COMFORT YE! HANDEL AND THE FIRST MESSIAH
Handel’s Messiah is a phenomenon: written in three weeks in the composer’s most disappointed phase, to this day it plays as sublimely as a chamber piece with eight singers as with the four thousand of us who annually sing it at the Royal Albert Hall in The Really Big Chorus (I operate as a semi-competent alto). It gets treated with high professionalism or as a parish singalong, truncated at the Alleluia Chorus or recorded as a “best-of” with some of the most beautiful moments missing, is done with heavy Victorian pomposity or bright original instruments, speeded up and slowed down. Nothing dents its shine.
The story Nick Drake tells in this simple three-hander by candlelight, is the story of its first performance in Dublin in 1742. Illustrated with fragments by the Portrait Choir it brings the story to musical life. Sean Campion is a scuttling, busy scene-setting narrator. Sometimes he is a ragged Irish music-porter and nocturnal bodysnatcher Crazy Crow, who merrily throws a horrid sack-wrapped corpse into the pit at one point. Sometimes he is the affable Lord Cavendish who invited Handel to try it out in the Fishambles music hall, so crowded that “the fleas went to the ceiling for a bit of air”, which was a bit of a comedown for the composer who decades earlier had ushered the King up-Thames with the Water Music. Sometimes he is the grieving, religiously anxious librettist Jennen who commissioned it and chose the Biblical verses.
David Horovich provides a gruff , demanding, perfectionist Georg Frederic Handel, and Kelly Price his contralto soloist Susannah Cibber, Who was not an oratorio singer, but an actress in low melodrama, on the run from an abusive marriage and a scandalously intimate adultery trial. Plenty of drama there, and despite a few early clunks (the Jennen moments tend to the portentous) Drake and director Jonathan Munby gradually raise it to something genuinely affecting, sometimes funny, and with pin-sharp significant interludes of aria and moments of chorus (“You are the people, all the angels, the chorus drives the music forward”).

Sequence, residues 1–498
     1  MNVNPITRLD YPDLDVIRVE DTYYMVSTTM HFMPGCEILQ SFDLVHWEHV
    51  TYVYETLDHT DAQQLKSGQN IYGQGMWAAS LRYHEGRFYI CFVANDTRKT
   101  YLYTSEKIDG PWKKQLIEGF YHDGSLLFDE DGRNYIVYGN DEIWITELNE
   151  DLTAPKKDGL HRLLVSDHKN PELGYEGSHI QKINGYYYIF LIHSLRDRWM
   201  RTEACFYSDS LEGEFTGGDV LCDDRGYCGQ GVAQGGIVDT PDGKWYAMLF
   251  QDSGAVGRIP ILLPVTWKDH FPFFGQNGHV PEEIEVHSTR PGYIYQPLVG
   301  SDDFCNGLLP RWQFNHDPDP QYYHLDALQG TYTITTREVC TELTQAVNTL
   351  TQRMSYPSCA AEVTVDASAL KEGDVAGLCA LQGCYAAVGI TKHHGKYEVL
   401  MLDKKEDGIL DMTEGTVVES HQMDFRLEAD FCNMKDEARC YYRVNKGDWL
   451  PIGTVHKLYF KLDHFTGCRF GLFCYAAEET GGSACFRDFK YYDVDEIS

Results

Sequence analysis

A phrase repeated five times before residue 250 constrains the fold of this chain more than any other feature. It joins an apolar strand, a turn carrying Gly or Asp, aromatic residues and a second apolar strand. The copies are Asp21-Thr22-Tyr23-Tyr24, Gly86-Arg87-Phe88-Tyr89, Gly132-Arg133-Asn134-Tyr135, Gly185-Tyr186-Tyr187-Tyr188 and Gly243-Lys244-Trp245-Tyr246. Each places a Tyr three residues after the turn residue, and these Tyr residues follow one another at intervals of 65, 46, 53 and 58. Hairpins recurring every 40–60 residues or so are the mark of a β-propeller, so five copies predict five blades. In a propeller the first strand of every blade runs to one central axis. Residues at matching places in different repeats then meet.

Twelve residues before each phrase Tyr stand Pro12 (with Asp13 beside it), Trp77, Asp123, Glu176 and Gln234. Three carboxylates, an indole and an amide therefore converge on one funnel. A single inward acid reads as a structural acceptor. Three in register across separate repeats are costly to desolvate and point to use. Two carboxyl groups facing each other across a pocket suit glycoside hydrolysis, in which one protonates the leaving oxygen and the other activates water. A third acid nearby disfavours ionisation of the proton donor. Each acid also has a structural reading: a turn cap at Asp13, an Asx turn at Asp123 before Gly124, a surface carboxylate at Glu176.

The emotional heart of the play, one not historically incredible, is the interplay between the old composer and Mrs Cibber. At first it is about style – her actress gestures infuriate him when she fruitily attempts “But who shall abide the day of His coming”, and he berates singers who “bark, or whisper, or bellow, or puff themselves up”. He’d hate the X Factor. At one point he threatens to bury her in a barrel of sand to keep her still. He also scorns her vain terrors about “competing” with the Italian soprano whose showy high arias echo from backstage (even in the chorus we altos always slightly regard the sopranos with suspicion, even when blending with and needing them. It’s human nature).
But as their conversations – Handel often grumpily bathetic – reveal her suffering, working towards the great aria “He was despised and rejected of men, a man of sorrows and acquainted with grief” it deepens and relates to other tragedies in Jennen’s and Handel’s life. The redemptiveness, the great “Comfort Ye” and promise of salvation for lost sheep, grows in meaning. And though the effect on the cynical Crow fels a touch overwritten, a touch Blarney, you’d need a nasty heart of stone not to feel it too. Particularly if the Messiah has meant anything to you in the darker times of life.
So yes, let the trumpet sound for this curious, short-running, honourable candlelit curiosity. It deserves an afterlife.